Anyone staying in the Netherlands for a longer period should be able to participate in the discussion

Anyone staying in the Netherlands for a longer period should be able to participate in the discussion

The boundaries between “Dutch” and non-Dutch are very difficult, says Sereno Corvers. Migrants should be granted political rights (and obligations) more quickly.

Chirino Corvers

Do you support discrimination based on origin? While most people would answer this question with a flat no, this is what happens in modern countries. This needs explanation. As a Limburger, I feel more culturally connected to someone from Hasselt, Belgium than to someone from Vriesenveen, Netherlands. However, there is a national border between the towns and Hasselt. This limit has consequences. Belgians have fewer rights in the Netherlands and vice versa. We forget that those limits are arbitrary.

The consequences of the border are much more serious if you are not from Western Europe. For example, Poles working in the Netherlands receive lower wages, or are kicked out of their homes if they lose their jobs. The Dutch use immigrants to do their dirty, heavy work, often for poor wages. And legalize this inequality? Citizenship and the social nation-state.

No rights, but obligations

Citizenship takes many forms, but the best known is formal citizenship. This is the citizenship you get if at least one parent is Dutch. Thank you, dad. This citizenship has rights and duties. For example, you are entitled to an AOW pension and must abide by the law. Are you not Dutch and are you stranded in the Netherlands? So, you don’t have these rights, but you do have certain obligations.

This is unfair, because illegal immigrants or immigrants also contribute to our society by providing cheap labour. Think Polish strawberry pickers or Afghan asylum seekers working undisclosed in a kebab shop. In addition, everyone who lives in the Netherlands contributes to political and social institutions simply by being here and interacting with the environment.

The nation-state transforms its population into a unitary entity. They create an imaginary society through a specific vision of history, expressions such as “Dutch” and “common man” and the exclusion of non-natives. This makes it seem as though the Dutchman has always been there. This is not true, it is the nature of society to combine differences.

So-called wealth seekers

The social nation-state also ensures that the borders of the state are rock solid. To maintain social security, states must reject the so-called “beneficiaries” and “wealth seekers”.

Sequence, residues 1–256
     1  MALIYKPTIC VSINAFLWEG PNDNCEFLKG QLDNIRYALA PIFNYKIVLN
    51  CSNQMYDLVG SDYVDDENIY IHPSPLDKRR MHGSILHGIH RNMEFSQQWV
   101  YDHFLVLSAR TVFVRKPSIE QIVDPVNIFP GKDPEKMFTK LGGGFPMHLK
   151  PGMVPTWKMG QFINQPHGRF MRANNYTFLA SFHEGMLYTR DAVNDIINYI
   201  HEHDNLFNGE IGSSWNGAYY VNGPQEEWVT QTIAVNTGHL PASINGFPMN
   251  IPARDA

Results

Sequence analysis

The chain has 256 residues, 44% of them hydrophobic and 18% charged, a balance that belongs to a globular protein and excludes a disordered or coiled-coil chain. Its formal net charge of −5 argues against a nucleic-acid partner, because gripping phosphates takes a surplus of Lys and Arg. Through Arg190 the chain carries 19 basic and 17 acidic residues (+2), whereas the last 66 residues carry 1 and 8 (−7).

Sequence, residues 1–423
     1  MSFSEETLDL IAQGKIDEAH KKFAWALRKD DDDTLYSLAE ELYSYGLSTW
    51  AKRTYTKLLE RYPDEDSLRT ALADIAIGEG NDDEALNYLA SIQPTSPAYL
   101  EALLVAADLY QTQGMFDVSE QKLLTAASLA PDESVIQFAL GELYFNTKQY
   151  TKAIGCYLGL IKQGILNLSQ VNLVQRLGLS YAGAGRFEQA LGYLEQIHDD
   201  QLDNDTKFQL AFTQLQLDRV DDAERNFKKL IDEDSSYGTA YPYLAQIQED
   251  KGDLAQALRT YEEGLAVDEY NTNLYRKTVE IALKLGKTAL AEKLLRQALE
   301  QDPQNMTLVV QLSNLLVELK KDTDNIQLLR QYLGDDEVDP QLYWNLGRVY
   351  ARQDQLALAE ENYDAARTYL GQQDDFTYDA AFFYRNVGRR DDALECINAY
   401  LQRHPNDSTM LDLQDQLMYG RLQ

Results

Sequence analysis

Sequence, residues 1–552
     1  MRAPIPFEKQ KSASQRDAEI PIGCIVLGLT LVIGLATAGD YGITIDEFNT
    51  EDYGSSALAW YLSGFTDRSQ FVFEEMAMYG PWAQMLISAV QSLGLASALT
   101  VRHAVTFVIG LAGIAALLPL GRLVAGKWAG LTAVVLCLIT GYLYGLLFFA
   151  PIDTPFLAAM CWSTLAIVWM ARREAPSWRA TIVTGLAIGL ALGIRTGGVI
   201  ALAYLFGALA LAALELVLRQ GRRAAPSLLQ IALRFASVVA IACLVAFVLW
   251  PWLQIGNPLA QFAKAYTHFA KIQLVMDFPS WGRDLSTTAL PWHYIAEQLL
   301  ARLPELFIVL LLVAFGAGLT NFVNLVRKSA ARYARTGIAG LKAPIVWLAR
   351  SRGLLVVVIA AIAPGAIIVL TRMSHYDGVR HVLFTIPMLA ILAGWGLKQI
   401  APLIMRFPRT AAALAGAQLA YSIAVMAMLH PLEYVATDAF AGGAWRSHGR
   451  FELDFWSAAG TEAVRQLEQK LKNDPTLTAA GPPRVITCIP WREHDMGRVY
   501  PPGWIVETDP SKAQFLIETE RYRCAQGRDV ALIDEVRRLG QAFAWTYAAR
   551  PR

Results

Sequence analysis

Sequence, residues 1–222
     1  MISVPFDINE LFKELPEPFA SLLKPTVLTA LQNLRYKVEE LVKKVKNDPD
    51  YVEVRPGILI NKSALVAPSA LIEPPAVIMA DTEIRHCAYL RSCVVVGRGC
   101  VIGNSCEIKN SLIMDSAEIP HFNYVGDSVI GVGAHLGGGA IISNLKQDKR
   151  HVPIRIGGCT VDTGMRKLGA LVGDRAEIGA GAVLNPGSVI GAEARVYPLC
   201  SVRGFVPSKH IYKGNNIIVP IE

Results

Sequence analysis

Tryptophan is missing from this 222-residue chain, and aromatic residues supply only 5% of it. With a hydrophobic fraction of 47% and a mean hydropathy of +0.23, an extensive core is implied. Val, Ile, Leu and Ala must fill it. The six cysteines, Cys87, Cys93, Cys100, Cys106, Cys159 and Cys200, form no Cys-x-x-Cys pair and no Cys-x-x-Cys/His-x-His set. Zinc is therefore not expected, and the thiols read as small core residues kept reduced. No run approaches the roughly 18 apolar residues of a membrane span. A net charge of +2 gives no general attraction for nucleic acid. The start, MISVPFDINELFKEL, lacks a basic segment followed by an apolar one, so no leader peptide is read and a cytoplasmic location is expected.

Can we still think outside the current idea of ​​citizenship? There are philosophers who think so. In the political-philosophical movement of radical democracy, there is a form of political citizenship that recognizes and preserves the plurality of the state, and that transcends social and formal citizenship.

Whoever challenges the foundations of the political system exercises this political citizenship. Think of the environmental activists of the 1980s or modern thinkers who want rights to the North Sea. Or to the Sans Papiers in Brussels who are on hunger strike to present their fate to the world. It forces politicians to respond, while non-response is also reactive. They (as individuals or as a group) put a problem on the map that previously had no place. In this way they challenge the foundations of the nation-state.

This form of citizenship does not have the same rights and obligations as formal citizenship. Otherwise we will have to abolish the social national state. We should not throw the baby out with the bathwater. However, non-citizens, that is, the excluded people on whom society depends in part, should at least have the right to participate as legitimate partners in the political discussion.

Political citizenship is not only important for non-citizens, but for everyone. Democratic institutions tend to get rusty. And when they are challenged, it opens up opportunities for change, painting outside the lines our democracy desperately needs, because real change comes from outside the political institutions.

Can anyone who sets foot in the Netherlands simply obtain political citizenship? not this. To avoid global citizenship, only those who intend to stay here longer or who have to stay here longer due to circumstances can obtain political citizenship. The exact period is open for discussion. What we might ask of citizen politicians is that they accept the legal system at least in part. Revolutions are often not in favor of anyone. But we must get rid of the lack of political rights for people who are not citizens.

Cierino Corvers is a political philosopher

Read also:
VVD returns to the classic themes of migration, economics and security

As expected, the VVD made a big fuss about immigration in its election manifesto. Liberals say goodbye to the distributive law.

Read also:
Real control over immigration? The VVD cares for 10 percent of asylum seekers

The spearhead of the VVD elections is purely symbolic politics, says Leiden University professor Leo Lucassen, who is also the director of the International Institute for Peace and Security. Only Next can stop immigration, especially migrant workers. But do liberals want that?

See also  Farmers have to spread less manure in March: 'miscalculation'

Leave a Reply

Your email address will not be published. Required fields are marked *

Back To Top